Wednesday, November 10, 2010

Brody's Scribbles... Stop the Carnage-Remembering Brandon Bitner

Chip Alfred is Director of Communications for the Philadelphia based Equality Forum.
By Chip Alfred (Philadelphia, Pennsylvania) NOV 10 | Brandon Bitner was buried today, Wednesday, November 10.  The 14-year-old high school freshman from rural Middleburg, Pennsylvania committed suicide by running into the path of a tractor trailer. He left a note that he wanted to draw attention to bullying.
Brandon was a talented musician, who aspired to be a classical violinist. According to the note, he was tired of being called “faggot” and “sissy.”  
According to his mother, Tammy Simpson, “He was the most wonderful child anyone could ask for.”
 “We need to stop the carnage of gay teen suicides,” said Malcolm Lazin, Executive Director, Equality Forum, a national LGBT civil rights organization headquartered in Philadelphia.
Brandon Bitner 1996-2010  Family Photo
In October 2010, Tyler Clementi, a Rutgers University freshman who committed suicide by jumping off the George Washington Bridge, brought national attention to the epidemic of gay teen suicides that resulted from bullying.  It is estimated that about 500 gay teens each year or 40 gay teens per month take their lives as a result of homophobia.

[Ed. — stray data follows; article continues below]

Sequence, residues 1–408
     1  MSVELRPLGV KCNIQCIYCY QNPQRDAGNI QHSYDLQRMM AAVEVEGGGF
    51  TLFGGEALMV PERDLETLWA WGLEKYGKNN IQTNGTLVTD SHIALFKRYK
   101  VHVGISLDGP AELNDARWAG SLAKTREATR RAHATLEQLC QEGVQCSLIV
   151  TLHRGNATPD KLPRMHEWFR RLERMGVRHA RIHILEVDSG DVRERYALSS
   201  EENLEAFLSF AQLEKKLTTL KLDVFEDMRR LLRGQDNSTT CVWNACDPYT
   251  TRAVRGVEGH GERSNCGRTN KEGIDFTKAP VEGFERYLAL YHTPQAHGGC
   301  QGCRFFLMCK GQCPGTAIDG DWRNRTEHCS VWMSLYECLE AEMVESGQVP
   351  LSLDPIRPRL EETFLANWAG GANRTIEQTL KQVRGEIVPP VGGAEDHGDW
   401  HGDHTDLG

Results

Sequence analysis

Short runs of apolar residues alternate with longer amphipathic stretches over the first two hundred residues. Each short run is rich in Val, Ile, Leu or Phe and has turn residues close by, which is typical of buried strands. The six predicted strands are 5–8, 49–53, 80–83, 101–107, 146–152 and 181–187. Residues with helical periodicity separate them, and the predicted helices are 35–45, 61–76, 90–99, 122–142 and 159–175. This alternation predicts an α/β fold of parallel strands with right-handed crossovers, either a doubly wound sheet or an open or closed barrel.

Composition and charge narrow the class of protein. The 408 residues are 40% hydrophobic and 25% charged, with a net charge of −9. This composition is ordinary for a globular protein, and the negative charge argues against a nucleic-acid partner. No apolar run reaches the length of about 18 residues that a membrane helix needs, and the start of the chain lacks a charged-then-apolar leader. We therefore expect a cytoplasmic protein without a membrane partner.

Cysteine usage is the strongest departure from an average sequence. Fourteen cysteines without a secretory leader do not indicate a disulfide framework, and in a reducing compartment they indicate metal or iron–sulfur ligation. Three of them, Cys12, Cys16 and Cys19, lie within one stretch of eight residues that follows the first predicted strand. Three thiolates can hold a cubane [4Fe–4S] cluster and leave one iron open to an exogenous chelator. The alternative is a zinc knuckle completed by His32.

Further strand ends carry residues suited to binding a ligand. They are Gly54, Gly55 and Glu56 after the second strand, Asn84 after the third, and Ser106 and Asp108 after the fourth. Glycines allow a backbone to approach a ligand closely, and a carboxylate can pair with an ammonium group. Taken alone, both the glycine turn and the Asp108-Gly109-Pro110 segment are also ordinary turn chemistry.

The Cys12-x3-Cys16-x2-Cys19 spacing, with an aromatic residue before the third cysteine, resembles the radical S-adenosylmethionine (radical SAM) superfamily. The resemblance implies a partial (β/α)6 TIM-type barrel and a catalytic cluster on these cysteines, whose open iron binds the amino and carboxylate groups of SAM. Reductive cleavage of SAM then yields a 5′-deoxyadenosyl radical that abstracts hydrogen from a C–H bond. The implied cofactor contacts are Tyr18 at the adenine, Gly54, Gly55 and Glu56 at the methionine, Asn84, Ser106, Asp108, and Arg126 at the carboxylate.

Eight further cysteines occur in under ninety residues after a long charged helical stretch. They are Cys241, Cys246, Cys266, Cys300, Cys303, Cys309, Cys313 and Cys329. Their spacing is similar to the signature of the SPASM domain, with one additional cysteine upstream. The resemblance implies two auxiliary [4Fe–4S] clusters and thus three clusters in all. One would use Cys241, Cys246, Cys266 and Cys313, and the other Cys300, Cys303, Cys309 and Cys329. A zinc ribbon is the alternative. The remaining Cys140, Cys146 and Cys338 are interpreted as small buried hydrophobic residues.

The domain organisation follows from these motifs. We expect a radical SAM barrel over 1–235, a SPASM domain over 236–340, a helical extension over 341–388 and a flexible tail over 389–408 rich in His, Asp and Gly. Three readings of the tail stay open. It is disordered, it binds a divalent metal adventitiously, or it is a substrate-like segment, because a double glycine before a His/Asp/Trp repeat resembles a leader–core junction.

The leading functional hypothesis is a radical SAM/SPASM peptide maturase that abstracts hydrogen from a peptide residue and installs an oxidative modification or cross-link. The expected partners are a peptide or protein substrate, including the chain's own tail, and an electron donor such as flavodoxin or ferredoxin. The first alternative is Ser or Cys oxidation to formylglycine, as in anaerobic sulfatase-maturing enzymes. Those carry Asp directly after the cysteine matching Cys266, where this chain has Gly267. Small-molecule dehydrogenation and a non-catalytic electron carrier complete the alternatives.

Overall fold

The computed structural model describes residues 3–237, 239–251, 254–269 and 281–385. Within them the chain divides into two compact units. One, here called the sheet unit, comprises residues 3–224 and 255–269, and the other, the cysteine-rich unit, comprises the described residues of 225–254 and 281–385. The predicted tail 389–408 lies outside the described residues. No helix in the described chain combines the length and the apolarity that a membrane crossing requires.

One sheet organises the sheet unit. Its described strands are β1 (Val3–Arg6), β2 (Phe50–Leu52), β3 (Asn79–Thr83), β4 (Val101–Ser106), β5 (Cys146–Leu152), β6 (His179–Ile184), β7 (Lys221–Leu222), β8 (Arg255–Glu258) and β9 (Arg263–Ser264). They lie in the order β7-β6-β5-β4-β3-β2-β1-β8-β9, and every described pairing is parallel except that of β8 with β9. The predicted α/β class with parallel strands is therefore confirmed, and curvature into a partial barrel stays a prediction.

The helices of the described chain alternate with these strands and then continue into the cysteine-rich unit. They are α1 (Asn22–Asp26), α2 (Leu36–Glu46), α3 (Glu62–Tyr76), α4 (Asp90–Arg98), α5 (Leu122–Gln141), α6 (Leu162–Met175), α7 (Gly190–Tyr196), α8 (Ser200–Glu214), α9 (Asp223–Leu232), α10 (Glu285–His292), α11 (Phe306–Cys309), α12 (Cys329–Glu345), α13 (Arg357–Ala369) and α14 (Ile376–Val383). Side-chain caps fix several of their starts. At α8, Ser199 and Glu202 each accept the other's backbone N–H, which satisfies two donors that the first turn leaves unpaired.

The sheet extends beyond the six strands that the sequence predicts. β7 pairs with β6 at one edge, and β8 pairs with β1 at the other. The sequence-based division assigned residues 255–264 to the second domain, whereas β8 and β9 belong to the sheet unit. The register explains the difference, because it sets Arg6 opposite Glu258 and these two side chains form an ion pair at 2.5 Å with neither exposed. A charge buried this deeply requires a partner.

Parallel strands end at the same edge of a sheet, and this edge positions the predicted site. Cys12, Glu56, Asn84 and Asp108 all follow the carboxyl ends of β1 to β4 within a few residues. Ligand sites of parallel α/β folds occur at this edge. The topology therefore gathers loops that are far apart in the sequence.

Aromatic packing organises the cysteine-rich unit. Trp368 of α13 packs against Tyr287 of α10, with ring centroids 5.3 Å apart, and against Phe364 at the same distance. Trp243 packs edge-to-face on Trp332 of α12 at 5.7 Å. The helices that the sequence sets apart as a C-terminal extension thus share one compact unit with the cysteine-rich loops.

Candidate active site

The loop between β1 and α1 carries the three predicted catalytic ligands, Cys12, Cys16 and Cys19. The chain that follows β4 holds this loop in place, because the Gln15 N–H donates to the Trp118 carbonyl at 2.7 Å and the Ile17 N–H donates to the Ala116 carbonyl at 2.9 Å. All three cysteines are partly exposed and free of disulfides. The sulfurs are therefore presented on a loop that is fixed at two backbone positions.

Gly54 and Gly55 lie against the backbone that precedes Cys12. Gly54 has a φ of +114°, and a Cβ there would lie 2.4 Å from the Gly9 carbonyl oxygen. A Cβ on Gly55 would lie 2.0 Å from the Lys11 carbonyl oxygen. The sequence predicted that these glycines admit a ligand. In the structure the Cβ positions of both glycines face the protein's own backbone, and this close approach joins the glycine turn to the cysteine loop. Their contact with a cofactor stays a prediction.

“In most public, middle and high schools, homophobic taunts are hurled without any disciplinary action,” stated Lazin.  “Sticks and stones will break your bones, but names can really harm you.”
Currently, there are two bills in Congress, the Safe Schools Improvement Act and the Student Non-Discrimination Act.  “Preventing bullying is a non-partisan issue,” said Lazin.  “Congress needs to unanimously pass the Safe Schools Improvement Act and the Student Non-Discrimination Act to make resoundingly clear that our nation demands safe schools for all children.”
Equality Forum produced the documentary film “JIM IN BOLD” ( about the impact of homophobia on gay youth. The film centers on James Wheeler, a 19-year-old talented youth who committed suicide.  Jim was surrounded in his high school’s locker room and urinated on. There was no disciplinary action. The award-winning film has been screened at over 50 film festivals and at the annual meetings of the American Academy of Child and Adolescent Psychiatry and the American Psychiatric Association.